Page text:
FAIRBANKS — A plane touched down at Fairbanks International Airport with two sled dogs in dire need of help.
Donna Buck-Davis of Loving Companions Animal Rescue waited for them Friday in the terminal, wearing a bright headband and a worried expression. She heard the two were the weakest of 17 that were taken from a neglected dog yard in Galena just 24 hours earlier.
When she opened the carrier, the two dogs huddled together, not responding, and it was clear the dogs were too weak to stand on their own.
Without hesitation, Buck-Davis wrapped the dogs, a white female and a dark brown male who would later be named Becky and Buster, in blankets and carried them to the rescue’s van outside and rushed them to the vet.
The last few days have been a whirlwind for Becky, Buster and their 15 kennel mates after being rescued from a neglected dog yard in Galena.
Rand Rosecrans, the husband of an animal rescuer, got an anonymous phone call about the lot earlier in the week. Rosencrans, a 6-foot-2-inch, 300-pound former tough guy turned school chef, found dead dogs among the skinny and freezing dogs. He couldn’t let the others die.
“When I make up my mind to do something, just stay out of my way,” he said.
The local police, troopers and magistrate all got calls from him and he was soon granted responsibility to care for and remove the dogs from the lot.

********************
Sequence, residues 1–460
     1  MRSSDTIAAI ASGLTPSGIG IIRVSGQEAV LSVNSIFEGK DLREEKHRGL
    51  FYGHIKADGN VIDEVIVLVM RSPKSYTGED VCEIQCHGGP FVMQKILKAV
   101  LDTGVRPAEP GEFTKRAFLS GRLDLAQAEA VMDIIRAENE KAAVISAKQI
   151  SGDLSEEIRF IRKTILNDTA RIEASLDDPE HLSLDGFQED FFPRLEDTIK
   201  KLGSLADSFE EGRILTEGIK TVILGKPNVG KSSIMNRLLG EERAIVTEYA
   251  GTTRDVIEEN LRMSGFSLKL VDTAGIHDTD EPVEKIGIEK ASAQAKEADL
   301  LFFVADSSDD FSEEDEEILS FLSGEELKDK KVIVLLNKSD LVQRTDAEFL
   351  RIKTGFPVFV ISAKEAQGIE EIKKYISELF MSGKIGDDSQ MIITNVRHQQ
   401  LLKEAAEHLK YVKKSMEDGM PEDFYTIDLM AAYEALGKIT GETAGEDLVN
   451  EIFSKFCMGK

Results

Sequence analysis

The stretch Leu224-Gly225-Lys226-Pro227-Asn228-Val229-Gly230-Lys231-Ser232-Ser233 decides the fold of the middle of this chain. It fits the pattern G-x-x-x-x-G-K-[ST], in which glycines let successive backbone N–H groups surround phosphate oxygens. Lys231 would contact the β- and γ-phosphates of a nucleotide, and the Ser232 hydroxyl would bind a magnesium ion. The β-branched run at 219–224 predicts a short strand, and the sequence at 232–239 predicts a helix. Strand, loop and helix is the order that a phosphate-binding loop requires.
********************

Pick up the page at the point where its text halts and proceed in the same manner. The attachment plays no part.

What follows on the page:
He took the dogs to his property where he began what he describes as triage. He fed them soft, limited amounts of food and gave them plenty of straw to keep warm. The worst off were taken inside and a friendly neighbor kept them on heating pads through the night to stabilize.
“I counseled with veterinarians to make sure we don’t do harm. We don’t want them to gorge themselves. Their systems are so shocked and stressed we have to be careful,” he said. “I have a newfound appreciation for maintaining a dog team under these conditions.”
The first pack of four dogs came in on Thursday night. Then Becky and Buster arrived on Friday, followed by four more that evening. Seven more are expected to come in over the next few days.
Becky and Buster had stabilized by Saturday afternoon and are expected to recover. Becky ravenously wolfed down her dog food, while Buster timidly nibbled his. Both animals are expected to be out of the veterinarian’s office by Monday.
Now that the dogs are safe, Buck-Davis said it will be a mission to find all the animals good homes.
“They’re pretty scrawny and they are really liking being indoors where they can eat and drink what they need and stay warm. They are very nice and very gentle dogs, easy to handle,” she said. “We’re definitely looking for foster homes and we’re hoping someone’s looking for a nice little small husky.”
Back in Galena, Rosecrans was busy making sure the remaining dogs were comfortable, fed and ready for a flight to Fairbanks to get to new homes.
He said despite everything, they’re very happy dogs that deserve to recover and go to a good home.
“When I took the straw over there, they were jumping on me and they were trying to jump into the bag of straw,” he said.
“You can see the appreciation in their spirit. Their spirit is good but their poor little bodies can’t handle the cold.”
“They’re sure good little dogs,” he said. “They just need somebody who will take care of them for a while. I need people to open their hearts a little bit and foster them for a little while and count their blessings this time of year.”
Rosencrans declined to identify the yard where the dogs came from, but said he understands law enforcement is looking into pressing charges for animal neglect.